Nov 17, 2017 | By Tess

Kickstarter and other crowdfunding platforms are awash with new 3D printers, from entry-level FDM machines to DLP 3D printers with specific applications, all looking to get a leg-up into the 3D printer market. Recently, we came across a particularly promising looking product, the  Migo 3D printer, developed by China-based company MakeX, who is returning to Kickstarter for a third campaign with good reputation on their products quality and reliability. 

Falling into the desktop FDM 3D printer category, Migo is a new 3D printer that offers a number of enticing features, including portability and internet-connectivity, among others. The immediate draw of the new machine, however, is its low price point.

Starting at only $149 (for the Super early bird package), Kickstarter backers can claim their very own Migo Basic 3D printer. Other super early bird reward options include $219 for a standard Migo 3D printer, and $319 for the Migo L 3D printer, which boasts the largest build volume of the three. Retail prices for the 3D printers are $499, $499, and $799, respectively.

But before we get too gung-ho about the 3D printer’s affordability, let’s take a look at what the Migo is packing, hardware-wise.

MakeX’s new 3D printer offers an impressive volume to size ratio, meaning that while the 3D printer itself is small (measuring 155 x 195 x 270 mm) and portable, its build volume capacity is not sacrificed in the least. The standard Migo 3D printer has a build volume of 100 x 120 x 100 mm, 28% of the printer’s total footprint.

The slightly larger Migo L, for its part, has overall dimensions of 185 x 235 x 325 mm and a build area of 150 x 150 x 150 mm. In other words, 40% of the printer’s total volume is build space.

The 3D printer also integrates a patented location system and high quality linear guidance which enable accurate, stable, and reliable printing. Migo’s auto-leveling feature also ensures that leveling-related inconsistencies and deviations are corrected before a print job is started.

In terms of extrusion, the 3D printer uses a 0.4 mm diameter nozzle to extrude filaments with a speed of between 100 and 200 mm/s with a layer resolution of 0.05 mm. Even printing at the maximum speed, MakeX says its printer can turn out smooth, high precision parts or models.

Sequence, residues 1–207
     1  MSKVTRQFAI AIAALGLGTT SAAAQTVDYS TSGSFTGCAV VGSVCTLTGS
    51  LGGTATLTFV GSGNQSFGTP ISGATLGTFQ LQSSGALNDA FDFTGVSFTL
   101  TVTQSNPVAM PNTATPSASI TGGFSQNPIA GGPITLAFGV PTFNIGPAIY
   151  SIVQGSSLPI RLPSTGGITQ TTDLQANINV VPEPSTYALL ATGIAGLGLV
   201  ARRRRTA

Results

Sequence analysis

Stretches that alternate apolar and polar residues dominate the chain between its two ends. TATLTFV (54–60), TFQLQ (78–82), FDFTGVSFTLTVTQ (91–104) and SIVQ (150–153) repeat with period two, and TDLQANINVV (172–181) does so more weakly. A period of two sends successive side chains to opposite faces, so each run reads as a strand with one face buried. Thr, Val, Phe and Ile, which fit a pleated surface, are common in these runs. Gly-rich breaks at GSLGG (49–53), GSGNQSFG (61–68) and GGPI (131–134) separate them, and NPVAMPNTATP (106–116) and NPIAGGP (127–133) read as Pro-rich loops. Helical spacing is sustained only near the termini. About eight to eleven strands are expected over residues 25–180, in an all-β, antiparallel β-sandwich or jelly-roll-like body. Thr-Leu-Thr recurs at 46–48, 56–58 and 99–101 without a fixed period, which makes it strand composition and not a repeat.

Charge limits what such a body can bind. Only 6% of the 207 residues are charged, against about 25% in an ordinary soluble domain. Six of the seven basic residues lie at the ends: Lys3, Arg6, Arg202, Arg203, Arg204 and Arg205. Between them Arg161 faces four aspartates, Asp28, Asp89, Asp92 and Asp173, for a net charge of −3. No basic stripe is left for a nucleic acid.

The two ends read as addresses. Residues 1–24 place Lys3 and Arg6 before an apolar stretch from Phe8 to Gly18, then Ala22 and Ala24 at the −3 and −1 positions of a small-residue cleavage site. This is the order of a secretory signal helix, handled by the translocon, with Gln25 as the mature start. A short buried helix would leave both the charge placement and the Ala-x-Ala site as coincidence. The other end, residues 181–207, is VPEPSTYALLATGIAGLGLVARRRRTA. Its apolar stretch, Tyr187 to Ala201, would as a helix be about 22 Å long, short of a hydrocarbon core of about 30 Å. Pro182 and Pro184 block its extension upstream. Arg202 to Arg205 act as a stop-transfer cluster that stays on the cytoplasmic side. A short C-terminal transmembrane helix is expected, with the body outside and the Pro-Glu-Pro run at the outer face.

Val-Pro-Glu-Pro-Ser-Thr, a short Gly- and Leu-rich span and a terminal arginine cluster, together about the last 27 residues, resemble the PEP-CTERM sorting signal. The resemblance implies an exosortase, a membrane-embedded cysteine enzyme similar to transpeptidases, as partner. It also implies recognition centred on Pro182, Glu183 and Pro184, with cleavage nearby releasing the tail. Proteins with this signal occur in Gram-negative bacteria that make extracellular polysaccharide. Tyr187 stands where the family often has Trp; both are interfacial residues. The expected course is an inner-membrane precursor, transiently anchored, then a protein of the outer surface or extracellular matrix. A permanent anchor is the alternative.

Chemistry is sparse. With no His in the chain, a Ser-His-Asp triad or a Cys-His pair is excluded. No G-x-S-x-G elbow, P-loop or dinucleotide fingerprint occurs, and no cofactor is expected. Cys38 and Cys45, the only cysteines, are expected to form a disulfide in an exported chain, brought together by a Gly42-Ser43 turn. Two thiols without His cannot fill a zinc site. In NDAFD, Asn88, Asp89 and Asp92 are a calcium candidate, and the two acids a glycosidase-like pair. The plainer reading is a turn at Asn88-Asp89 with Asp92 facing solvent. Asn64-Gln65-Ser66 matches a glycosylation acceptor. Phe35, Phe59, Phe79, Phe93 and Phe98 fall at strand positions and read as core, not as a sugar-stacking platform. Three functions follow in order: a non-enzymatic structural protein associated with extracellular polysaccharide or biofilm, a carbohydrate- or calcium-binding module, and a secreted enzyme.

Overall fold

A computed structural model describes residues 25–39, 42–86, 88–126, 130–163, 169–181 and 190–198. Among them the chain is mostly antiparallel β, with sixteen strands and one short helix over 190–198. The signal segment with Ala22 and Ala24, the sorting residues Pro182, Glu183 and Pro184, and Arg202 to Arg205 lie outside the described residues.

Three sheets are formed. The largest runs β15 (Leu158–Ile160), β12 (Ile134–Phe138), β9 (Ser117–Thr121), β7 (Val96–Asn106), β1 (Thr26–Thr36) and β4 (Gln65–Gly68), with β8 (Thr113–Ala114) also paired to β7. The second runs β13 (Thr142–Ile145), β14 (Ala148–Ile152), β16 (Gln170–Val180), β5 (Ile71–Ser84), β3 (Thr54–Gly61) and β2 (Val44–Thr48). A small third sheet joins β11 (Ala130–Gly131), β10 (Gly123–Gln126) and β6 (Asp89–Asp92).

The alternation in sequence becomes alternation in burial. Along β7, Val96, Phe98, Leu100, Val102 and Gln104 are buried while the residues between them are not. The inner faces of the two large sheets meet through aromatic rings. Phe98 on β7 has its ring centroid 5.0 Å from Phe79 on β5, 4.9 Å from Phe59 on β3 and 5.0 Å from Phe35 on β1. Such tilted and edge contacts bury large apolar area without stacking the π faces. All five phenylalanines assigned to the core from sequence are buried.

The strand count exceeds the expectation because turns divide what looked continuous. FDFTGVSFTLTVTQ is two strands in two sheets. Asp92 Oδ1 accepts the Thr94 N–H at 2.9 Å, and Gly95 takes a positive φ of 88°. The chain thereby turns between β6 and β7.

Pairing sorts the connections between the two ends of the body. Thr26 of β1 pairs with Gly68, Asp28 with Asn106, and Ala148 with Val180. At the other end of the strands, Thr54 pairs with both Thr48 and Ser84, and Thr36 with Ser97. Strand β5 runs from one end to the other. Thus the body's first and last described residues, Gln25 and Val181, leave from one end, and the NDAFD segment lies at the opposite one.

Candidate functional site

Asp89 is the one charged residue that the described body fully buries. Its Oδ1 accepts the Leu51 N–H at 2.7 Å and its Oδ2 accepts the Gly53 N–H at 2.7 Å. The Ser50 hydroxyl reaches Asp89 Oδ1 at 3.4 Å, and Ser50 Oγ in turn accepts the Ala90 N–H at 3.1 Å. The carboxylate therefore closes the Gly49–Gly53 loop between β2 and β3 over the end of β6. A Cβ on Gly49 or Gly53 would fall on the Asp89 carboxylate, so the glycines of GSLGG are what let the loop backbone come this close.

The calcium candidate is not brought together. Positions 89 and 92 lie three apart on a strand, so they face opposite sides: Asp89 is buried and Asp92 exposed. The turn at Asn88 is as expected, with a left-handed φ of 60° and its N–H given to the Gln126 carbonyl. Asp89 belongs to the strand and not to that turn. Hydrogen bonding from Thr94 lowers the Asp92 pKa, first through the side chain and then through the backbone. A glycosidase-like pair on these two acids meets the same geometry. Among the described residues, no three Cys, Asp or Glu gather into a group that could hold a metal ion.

For ease of use, MakeX has equipped the Migo 3D printer with a TYPE-C configuration, a set-up usually restricted to high precision 3D printers. “We consolidated the extruder head’s power cord, signal cable, and other components into a single TYPE-C,” the company writes. “This lets you plug-in and instantly print.”

Indeed, the video of the 3D printer in action does suggest an ease-of-use that would suit even the most inexperienced makers. This is complemented by an overall weight of only 2.5 kg (5.5 lbs), which means that not only can you start your print job quickly, but you can also pick up your 3D printer and bring it with you to the office, school, or even to a friend’s house without any inconvenience.

The 3D printer also gives users the option of switching out the print head component for a 500 mw laser engraving head. The laser component is capable of engraving on such soft materials as wood, leather, plastic, food, and more.

From a software perspective, the 3D printer also seems to offer a lot for its low-cost, including internet connectivity (Ethernet, WiFi, and PC board based on ARM), real time monitoring through a built in camera, batch printing capabilities, and even a generative design app. MakeX has also thought to include a teaching mode for Migo, which makes it easier to share the printer’s activities in the classroom.

Aesthetically, the 3D printer is not only compact, but also sleek and simple. The printer, which is built from a sturdy aluminum shell, also has an element of flare, as backers can customize the printer’s handle with a variety of colors.

Through its Kickstarter campaign, MakeX is hoping to raise $100,000 to bring Migo into production. So far is has raised over half its goal. Interested backers can check out the full rewards here and those who do buy a Migo 3D printer or Migo L 3D printer can expect their rewards as soon as July 2018.

Full specifications:

 

 

Posted in 3D Printer

 

 

Maybe you also like:


   






Leave a comment:

Your Name:

 


Subscribe us to

3ders.org Feeds 3ders.org twitter 3ders.org facebook   

About 3Ders.org

3Ders.org provides the latest news about 3D printing technology and 3D printers. We are now six years old and have around 1.5 million unique visitors per month.

News Archive